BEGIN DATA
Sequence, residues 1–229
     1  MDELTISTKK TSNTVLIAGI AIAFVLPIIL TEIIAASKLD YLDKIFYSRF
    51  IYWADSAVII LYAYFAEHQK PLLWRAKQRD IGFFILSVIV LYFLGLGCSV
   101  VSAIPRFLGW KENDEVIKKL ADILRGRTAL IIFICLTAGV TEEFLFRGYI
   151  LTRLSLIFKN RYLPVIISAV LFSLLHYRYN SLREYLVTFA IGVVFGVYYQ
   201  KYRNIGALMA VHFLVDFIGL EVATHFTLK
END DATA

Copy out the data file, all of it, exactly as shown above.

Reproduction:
Sequence, residues 1–229
     1  MDELTISTKK TSNTVLIAGI AIAFVLPIIL TEIIAASKLD YLDKIFYSRF
    51  IYWADSAVII LYAYFAEHQK PLLWRAKQRD IGFFILSVIV LYFLGLGCSV
   101  VSAIPRFLGW KENDEVIKKL ADILRGRTAL IIFICLTAGV TEEFLFRGYI
   151  LTRLSLIFKN RYLPVIISAV LFSLLHYRYN SLREYLVTFA IGVVFGVYYQ
   201  KYRNIGALMA VHFLVDFIGL EVATHFTLK